"This extradition appeal involves essentially two questions: (i) If a person has been found incapable of committing a criminal offence in the country in which he was tried because of mental illness, but has been ordered to be detained indefinitely in a mental hospital, has he been 'convicted' for the purposes of Part 1 of the Extradition Act 2003 ('EA')? (ii) If that person then flees the mental hospital and is wanted for a prosecution for that offence, would there be an equivalent offence if the events had taken place in England so that the double criminality requirement is satisfied and the offence qualifies as an 'extradition offence'?"
The ICLR have kindly agreed for their WLR (D) case report to be reproduced below.
Queen’s Bench Division
Korcala v Polish Judicial Authority
Beatson LJ, Nicol J
Extradition — European arrest warrant — Conviction warrant — Requested person charged with criminal offence in Poland but proceedings discontinued due to mental illness — Court ordering requested person to be detained in mental hospital — Requested person fleeing mental hospital — District judge ordering requested person’s extradition on conviction warrant in respect of first offence — Whether requested person “convicted” — Extradition Act 2003 (c 41), Pt 1 — Council Framework Decision2002/584/JHA, arts 1(1), 2(1)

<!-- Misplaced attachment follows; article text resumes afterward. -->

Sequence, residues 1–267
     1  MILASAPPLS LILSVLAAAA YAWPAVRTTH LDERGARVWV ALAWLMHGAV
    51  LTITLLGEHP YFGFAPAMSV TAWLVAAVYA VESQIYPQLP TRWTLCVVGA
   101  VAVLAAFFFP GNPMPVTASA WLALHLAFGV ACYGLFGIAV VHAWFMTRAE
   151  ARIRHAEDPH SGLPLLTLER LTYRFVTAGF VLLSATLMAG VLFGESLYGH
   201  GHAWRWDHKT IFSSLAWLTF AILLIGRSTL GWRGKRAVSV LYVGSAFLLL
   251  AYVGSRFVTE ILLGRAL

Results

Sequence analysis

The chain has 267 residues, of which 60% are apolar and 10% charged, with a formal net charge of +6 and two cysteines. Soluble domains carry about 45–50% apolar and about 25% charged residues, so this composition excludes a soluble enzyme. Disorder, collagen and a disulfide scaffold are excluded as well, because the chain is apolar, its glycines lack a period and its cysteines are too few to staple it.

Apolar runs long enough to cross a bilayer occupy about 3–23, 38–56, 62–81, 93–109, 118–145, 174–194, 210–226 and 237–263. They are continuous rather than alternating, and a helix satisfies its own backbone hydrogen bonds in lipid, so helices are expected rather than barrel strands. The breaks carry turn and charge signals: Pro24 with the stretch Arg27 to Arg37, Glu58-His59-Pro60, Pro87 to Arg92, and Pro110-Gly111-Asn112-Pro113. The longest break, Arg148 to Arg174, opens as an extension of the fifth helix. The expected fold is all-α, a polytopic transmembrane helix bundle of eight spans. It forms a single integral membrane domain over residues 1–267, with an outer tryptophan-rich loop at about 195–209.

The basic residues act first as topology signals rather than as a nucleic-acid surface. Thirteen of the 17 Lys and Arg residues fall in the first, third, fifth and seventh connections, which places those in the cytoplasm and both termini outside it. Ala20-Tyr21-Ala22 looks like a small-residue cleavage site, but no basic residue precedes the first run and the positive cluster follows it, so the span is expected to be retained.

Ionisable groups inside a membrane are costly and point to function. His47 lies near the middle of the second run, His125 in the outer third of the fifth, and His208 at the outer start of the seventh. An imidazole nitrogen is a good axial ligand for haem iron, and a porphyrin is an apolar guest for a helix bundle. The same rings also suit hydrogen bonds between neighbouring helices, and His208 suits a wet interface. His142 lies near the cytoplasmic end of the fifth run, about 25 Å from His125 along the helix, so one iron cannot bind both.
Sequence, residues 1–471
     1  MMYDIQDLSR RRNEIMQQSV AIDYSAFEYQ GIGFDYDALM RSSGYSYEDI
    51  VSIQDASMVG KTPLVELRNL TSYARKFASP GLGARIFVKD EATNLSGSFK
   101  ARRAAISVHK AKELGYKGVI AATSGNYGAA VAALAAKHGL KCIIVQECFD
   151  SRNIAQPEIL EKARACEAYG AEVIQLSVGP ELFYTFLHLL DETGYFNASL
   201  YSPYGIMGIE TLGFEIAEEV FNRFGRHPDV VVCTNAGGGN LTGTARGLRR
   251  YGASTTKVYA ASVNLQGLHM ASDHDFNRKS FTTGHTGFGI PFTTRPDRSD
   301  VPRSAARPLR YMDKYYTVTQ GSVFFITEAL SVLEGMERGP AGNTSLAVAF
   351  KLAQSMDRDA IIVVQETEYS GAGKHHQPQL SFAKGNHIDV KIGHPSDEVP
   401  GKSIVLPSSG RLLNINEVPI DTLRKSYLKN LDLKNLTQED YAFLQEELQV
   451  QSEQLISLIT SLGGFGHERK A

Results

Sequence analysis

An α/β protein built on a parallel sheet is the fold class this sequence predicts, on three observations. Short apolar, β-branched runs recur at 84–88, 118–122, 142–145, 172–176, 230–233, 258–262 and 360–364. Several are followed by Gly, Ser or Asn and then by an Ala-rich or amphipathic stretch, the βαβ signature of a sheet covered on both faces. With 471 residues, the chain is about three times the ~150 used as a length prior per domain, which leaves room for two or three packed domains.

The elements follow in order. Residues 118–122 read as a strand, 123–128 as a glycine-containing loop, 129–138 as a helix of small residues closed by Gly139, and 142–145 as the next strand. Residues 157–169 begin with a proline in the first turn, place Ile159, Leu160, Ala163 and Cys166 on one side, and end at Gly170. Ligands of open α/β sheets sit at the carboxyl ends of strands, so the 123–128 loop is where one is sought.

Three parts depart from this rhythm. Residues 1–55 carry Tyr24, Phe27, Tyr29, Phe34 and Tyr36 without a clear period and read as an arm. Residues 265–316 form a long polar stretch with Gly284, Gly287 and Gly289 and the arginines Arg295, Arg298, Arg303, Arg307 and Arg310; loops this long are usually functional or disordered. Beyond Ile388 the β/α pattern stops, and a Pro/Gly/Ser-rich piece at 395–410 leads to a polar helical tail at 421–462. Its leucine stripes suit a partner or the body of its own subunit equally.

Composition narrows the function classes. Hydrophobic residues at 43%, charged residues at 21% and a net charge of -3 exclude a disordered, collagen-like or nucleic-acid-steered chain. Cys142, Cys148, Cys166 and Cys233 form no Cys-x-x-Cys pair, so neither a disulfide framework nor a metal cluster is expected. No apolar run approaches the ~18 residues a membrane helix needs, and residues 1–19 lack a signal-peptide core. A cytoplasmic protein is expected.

A person who has been found incapable of committing a criminal offence in a category 1 territory in which he was tried because of mental illness, but who has been ordered to be detained indefinitely in a mental hospital by the judicial authority, has been “convicted” for the purposes of Part 1 of the Extradition Act 2003. That Part of the 2003 Act is intended to give effect to Council Framework Decision 2002/584/JHA, which extends beyond custodial sentences to include such detention orders. Where a person who has been found to have done the acts complained of is subject to a detention order as a consequence of criminal proceedings against him, it does not matter that the criminal proceedings did not end with a finding of guilt. Furthermore, the principle of conforming interpretation is broad enough to allow the 2003 Act to be interpreted so that the terms “convicted” and “sentence” in section 2 and section 65 respectively are broad enough to embrace the type of detention order made in relation to such a person (paras 32, 44, 48, 52, 53, 56).
Cretu v Local Court of Suceava, Romania  1 WLR 3344, DC applied.
Where, therefore, a conviction European arrest warrant alleged that the criminal proceedings against the requested person in Poland had been discontinued following the presentation of reports as to the requested person’s mental illness and his detention in a mental hospital had been ordered by a Polish district court, and a district judge found that the order made by the judicial authority had been “another form of detention” within section 2(5)(b) of the 2003 Act which was sufficient for the warrant to satisfy section 2 of that Act and ordered the requested person to be extradited pursuant to that warrant, and the requested person appealed—
Held, dismissing the appeal, that the detention order was sufficient for the warrant to satisfy the requirement of section 2 of the 2003 Act that the requested person had been “convicted” (paras 56, 61, 62).
Alun Jones QC and Martin Henley (instructed by Lewis Nedas) for the requested person.
Ben Lloyd (instructed by CPS Extradition Unit) for the judicial authority.
Reported by: Fraser Peh, Barrister
ICLR -  WLR(D) 84